Most DOC Prosecco is made by the Charmat method, in which secondary fermentation takes place under pressure in steel tanks. This isn’t a quality statement as much as efficiency: the tank method presents economies of scale. Some producers are reviving col fondo, the traditional style fermented on its lees in the bottle without disgorgement.
But, wherever it’s made, Prosecco must contain 85 percent of the Glera grape in the final blend; the remaining 15 percent may include local or international white varieties. Currently, all wines made under the official designations are vinified as white.
As such, Prosecco is fresh, crisp and fruit-driven, expressing stone and orchard fruits, citrus, and can deliver botanical aromas ranging from rose geranium and elderflower to more perfumed white florals and rosewater.
Prosecco comes in a variety of styles: spumante (sparkling) is the most bubbly with 1 to 3 atmospheres (atm) of pressure; frizzante (semi-sparkling) has 1 to 1.5 atm; and tranquillo (still), as it names suggests, is the most mellow with less than 1 atm.
The wines are made in four sweetness levels based on the European Union’s standard scale: Brut, Extra Dry, Dry and Demi-Sec. The minimum alcohol level for Prosecco is 10.5 to 11 percent.
Prosecco promotes sustainability
Last year, the consortium received the Ecofriendly Prize from the Guida Vinibuoni d’Italia, and such a rising tide seems to have raised many boats.
“Landscape perception has really increased, as well as the emotions around it,” said DOC consortium president, Stefano Zanette.
Alberto Canella, export manager for Vigneti Le Monde, agrees, saying that in the past people regarded the DOC as “a place of high production and easy wines.”
“But, we are changing the vision of people living here and [changing] the perception with sustainable production methods,” he said.
Indeed, the DOC consortium is pressing for more chemical-free farming, has introduced a program for producers to improve agricultural best practices. Wineries such as Bottega in the Treviso province have implemented green mulch programs and natural pest control such as ladybugs and sexual-confusion traps. Bottega and Masottina, also in Treviso, have partnered with the local Oenology School to cultivate indigenous grapes for a sustainable future. At I Magredi, a large producer in the Friuli-Venezia Giulia foothills, solar panels produce one third of the electricity, a meteorological system prompts irrigation on an as-needed basis, and they plan to have a zero-carbon footprint by this year.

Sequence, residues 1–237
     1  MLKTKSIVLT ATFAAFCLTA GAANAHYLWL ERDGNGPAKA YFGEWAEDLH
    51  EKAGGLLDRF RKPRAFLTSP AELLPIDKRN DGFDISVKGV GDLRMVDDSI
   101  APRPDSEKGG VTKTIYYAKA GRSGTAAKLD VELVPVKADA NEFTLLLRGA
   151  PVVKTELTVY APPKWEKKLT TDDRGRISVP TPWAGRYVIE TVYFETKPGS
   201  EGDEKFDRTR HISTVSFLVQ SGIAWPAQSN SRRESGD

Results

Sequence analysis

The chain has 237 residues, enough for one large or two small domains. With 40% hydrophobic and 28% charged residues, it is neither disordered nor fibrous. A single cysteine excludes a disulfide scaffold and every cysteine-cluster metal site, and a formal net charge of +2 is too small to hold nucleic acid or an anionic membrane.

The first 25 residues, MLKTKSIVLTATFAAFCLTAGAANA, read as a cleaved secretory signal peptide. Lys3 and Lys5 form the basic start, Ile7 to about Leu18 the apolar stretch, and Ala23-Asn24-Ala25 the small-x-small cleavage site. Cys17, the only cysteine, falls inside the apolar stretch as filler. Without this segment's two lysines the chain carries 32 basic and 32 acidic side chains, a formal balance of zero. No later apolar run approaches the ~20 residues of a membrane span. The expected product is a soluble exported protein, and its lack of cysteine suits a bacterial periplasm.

Maurizio Donadi, owner of the 22-acre Casa Belfi in Treviso, is one of the few Demeter-certified producers in the DOC, though he makes wines outside the regulations, in the col fondo style and some in amphora. And most unconventionally, he customized his vineyards with a variety of locally made “wind cellos”—wooden instruments that emit low frequency vibrations amongst the vines—a kind of musical therapy for grapes.
At the university where he studied enology, he attended a seminar on biodiversity and said, “It changed the way I thought about wine making.” In his area of stony well-drained soils, he says biodynamic viticulture, including the use of indigenous yeasts, gives “a more authentic expression of the terroir.”
Says Adriano dal Bianco, second-generation winemaker at Masottina, “Prosecco means the grape the region and the wine, and they’re not all the same.” Like Donadi, he says, the future is in defining the terroir.
“We try to guess what people want to experience [in our wines] and we always try to evolve,” he said. “We don’t’ really have a model, but we try to take the best of what we see.”
Prosecco DOC Producers to look for: